Even as I write this, I just saw a news report on CNN talking of the way 'millennials' meet each other through social mediums promoting casual sex. All this led me to thinking of how relationships are formed, or how they ought to be.
After Clare Wood was murdered by her ex-boyfriend, it came to light that she was unaware of his history of violence. As a result a campaign was waged to introduce 'Clare's law'. Clare's Law enables women to check the police record of their boyfriends, in a bid to protect themselves from domestic violence. For me this law raised a few alarm bells. The inequality of the permission to check men and not vice versa, the invasion of privacy and the slippery slope, and since when was 'boyfriend' a legally recognised status granting such intrusive access anyway? Even as I write this, I just saw a news report on CNN talking of the way 'millennials' meet each other through social mediums promoting casual sex. All this led me to thinking of how relationships are formed, or how they ought to be.
The introduction of Clare's law, highlights the absence of community and the place community plays in successful relationships. The concept of Clare’s Law, to me, has found its credibility only because of the breakdown of community and family. Investigating ones potential partner is not the problem. It's the method of investigation employed. Shouldn't there be ample resources for such exploration of a person within the community? For example, amongst Citizens of the Kingdom should police criminal checks replace the due diligence of knowing someone by getting to know their family, friends and testimony? It is through shared life that we know and are known.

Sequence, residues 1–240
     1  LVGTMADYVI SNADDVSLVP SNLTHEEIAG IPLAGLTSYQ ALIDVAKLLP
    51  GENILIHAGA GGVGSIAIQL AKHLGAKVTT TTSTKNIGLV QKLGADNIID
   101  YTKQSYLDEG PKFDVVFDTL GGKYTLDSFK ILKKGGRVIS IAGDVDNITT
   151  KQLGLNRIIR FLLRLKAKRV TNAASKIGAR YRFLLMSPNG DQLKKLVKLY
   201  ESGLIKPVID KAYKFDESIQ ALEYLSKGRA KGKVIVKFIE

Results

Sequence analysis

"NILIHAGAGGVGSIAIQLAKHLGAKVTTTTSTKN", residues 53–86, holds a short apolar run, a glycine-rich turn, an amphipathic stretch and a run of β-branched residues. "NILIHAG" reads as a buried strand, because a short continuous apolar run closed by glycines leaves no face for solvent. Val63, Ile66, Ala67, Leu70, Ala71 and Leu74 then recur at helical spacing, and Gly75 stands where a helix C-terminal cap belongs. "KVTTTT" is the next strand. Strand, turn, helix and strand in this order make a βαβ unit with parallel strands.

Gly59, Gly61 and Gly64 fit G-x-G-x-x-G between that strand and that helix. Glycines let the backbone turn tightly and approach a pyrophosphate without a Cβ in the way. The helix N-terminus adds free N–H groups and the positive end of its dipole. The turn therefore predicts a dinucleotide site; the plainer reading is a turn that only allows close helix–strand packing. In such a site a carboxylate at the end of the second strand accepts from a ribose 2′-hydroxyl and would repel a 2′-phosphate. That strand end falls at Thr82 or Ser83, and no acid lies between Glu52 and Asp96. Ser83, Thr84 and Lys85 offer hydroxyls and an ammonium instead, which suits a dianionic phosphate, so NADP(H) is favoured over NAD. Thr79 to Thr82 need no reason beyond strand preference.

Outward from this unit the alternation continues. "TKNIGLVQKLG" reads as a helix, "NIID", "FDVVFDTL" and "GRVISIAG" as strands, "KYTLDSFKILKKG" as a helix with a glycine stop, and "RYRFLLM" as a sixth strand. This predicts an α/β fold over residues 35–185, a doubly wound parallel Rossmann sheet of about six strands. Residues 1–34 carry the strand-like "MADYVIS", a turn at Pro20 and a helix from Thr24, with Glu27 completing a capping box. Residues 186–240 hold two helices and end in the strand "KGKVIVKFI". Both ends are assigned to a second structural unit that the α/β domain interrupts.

1 Tim 6:3 reveals something of how the deacons were selected. They had to be men of good ‘reputation’. This means many could testify to their attributes, history and life. Imagine Stephen being short listed after his CRB check.
The breakdown of family and the lack of fathers cannot be ignored in this matter. It plays a big part in the current mistrust between the generations, children and parents. The absence of fatherly oversight and the lack of parental involvement in the choosing of the spouse, has left the immature to determine their own spouse and continually define family in their own way. This absence of mature parenting has opened the door for a lack of judgement and a dependence on institutions and professionals (various forms of social services).
We are in scary times, when the very idea of the traditional family has been challenged. There is an emphasis placed on career building instead of family building. The relationship with one's employer has been elevated, in some modern minds, as superior to the life long relationship with a spouse. But let me not deviate. Relationships; how should we go about forming them? We've built religious centres plenty, but this year let us prioritise building and realisation of the community of Christ and there by supporting fruitful and lasting relationships.